People who hear about this project say, “Great idea!” They also say, “Don’t you think you should include people under eighty?”
Nope. For one thing, people who work into their eighties aren’t unusual enough. Eyebrows don’t raise. Secondly, while seventy is within striking range for my indulged and potent generation, eighty still seems old — on the far side of the delusory divide between “us” vs. “them.”
I’m going to be hearing it less and less often, because as we boomers squint into the future, we’re running into all the active octogenarians and nonagenarians and centenarians out there. Check out this story nestled under the header “The Cracked Nest Egg” in the Business section of MSNBC’s website. “Forget bingo! 80 is the new 30!” exhorts the headline. “More octogenarians are running companies instead of retiring” declares the subhead. The youngest person featured is 85, and the poster boy is Jack Weil, the 106-year-old CEO of a Denver company that sells Western duds.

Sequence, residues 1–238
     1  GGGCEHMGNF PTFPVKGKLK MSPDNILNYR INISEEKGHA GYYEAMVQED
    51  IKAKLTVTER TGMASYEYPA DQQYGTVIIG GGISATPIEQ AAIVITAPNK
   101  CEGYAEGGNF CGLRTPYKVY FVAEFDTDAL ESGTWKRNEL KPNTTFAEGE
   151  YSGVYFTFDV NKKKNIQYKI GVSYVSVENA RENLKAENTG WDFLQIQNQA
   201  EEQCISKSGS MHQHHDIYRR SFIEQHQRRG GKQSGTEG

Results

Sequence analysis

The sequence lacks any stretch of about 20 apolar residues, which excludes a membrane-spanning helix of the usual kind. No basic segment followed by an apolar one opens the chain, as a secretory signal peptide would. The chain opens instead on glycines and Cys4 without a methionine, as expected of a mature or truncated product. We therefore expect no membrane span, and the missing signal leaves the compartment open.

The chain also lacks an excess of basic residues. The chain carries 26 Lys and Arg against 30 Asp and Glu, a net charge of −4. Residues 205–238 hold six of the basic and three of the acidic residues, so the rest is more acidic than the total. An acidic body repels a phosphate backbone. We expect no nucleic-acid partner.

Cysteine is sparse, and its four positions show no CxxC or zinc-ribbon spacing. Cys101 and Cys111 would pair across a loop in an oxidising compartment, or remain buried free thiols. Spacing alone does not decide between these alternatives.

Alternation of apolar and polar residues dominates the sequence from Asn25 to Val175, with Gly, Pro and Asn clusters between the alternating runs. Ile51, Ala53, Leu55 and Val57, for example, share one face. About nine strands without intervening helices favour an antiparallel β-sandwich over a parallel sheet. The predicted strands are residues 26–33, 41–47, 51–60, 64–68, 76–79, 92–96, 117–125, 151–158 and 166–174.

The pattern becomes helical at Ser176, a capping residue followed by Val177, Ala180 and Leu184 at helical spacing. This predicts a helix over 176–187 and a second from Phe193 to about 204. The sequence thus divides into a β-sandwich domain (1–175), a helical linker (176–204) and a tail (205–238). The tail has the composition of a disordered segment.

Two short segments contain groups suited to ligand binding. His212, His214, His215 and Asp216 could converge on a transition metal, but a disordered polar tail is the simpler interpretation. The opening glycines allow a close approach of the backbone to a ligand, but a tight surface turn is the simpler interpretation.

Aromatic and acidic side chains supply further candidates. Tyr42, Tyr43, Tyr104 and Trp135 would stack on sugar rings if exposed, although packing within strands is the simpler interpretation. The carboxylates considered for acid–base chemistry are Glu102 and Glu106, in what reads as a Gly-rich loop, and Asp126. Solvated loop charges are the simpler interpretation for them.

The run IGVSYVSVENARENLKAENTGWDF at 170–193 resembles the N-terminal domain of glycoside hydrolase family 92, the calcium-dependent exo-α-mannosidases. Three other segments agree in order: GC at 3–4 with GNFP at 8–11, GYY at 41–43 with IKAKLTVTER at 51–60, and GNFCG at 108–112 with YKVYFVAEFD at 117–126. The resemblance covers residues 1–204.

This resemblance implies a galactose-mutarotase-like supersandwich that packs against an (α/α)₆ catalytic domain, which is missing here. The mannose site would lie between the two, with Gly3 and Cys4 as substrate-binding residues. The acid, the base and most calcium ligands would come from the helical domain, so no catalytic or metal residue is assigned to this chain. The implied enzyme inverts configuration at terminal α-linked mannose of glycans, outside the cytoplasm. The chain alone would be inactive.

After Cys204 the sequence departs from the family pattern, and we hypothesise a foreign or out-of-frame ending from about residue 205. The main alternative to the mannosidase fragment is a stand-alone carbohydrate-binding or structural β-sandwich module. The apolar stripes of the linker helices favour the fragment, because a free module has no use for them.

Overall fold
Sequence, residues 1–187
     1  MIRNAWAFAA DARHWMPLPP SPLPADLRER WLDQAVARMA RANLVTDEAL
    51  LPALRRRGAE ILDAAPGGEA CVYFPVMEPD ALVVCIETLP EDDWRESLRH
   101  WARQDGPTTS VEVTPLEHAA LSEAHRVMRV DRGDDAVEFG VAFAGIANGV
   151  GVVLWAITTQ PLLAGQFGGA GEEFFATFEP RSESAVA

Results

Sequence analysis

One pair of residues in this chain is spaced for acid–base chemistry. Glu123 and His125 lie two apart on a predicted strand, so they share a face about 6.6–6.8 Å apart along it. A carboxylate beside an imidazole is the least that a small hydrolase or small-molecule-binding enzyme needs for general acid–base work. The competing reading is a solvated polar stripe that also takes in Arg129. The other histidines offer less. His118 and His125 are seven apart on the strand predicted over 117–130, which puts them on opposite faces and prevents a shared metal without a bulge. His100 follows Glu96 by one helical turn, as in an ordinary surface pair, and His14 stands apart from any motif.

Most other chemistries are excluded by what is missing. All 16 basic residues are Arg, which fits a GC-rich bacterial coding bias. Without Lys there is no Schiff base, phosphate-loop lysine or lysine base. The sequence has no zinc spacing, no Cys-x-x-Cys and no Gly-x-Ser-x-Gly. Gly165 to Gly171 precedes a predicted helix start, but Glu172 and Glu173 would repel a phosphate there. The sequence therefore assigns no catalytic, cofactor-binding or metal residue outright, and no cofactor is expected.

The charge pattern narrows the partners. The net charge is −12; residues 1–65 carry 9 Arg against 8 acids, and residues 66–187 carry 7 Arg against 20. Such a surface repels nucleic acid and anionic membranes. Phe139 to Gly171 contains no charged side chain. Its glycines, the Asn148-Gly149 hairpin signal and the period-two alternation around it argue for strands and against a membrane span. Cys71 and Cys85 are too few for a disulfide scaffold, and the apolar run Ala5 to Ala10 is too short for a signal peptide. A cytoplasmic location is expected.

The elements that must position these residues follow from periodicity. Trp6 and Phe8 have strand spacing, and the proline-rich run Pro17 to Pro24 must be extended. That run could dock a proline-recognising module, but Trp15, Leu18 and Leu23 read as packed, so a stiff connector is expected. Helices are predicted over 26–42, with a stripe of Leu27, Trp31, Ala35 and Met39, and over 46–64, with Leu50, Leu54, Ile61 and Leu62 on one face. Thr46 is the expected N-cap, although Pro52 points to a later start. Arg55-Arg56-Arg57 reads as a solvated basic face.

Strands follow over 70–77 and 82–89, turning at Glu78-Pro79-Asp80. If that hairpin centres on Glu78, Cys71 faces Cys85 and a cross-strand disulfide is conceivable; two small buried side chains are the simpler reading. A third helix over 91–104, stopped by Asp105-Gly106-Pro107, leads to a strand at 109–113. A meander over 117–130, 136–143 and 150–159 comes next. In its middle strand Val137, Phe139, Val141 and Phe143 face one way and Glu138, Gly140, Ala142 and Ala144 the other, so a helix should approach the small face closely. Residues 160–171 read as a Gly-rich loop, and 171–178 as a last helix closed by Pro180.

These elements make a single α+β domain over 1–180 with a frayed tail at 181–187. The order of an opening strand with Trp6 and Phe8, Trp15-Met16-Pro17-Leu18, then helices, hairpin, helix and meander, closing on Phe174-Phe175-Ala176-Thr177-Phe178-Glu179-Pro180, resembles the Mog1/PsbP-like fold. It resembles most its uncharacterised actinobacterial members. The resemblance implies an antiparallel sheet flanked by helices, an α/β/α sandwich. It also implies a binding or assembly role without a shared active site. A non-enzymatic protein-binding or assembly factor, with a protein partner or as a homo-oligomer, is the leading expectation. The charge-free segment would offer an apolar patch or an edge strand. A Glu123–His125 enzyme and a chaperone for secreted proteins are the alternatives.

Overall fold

The headline’s a little hyperbolic — 80 is the new 60 is more like it — but it’s an indicator of how rapidly a yawning divide in public perception is closing.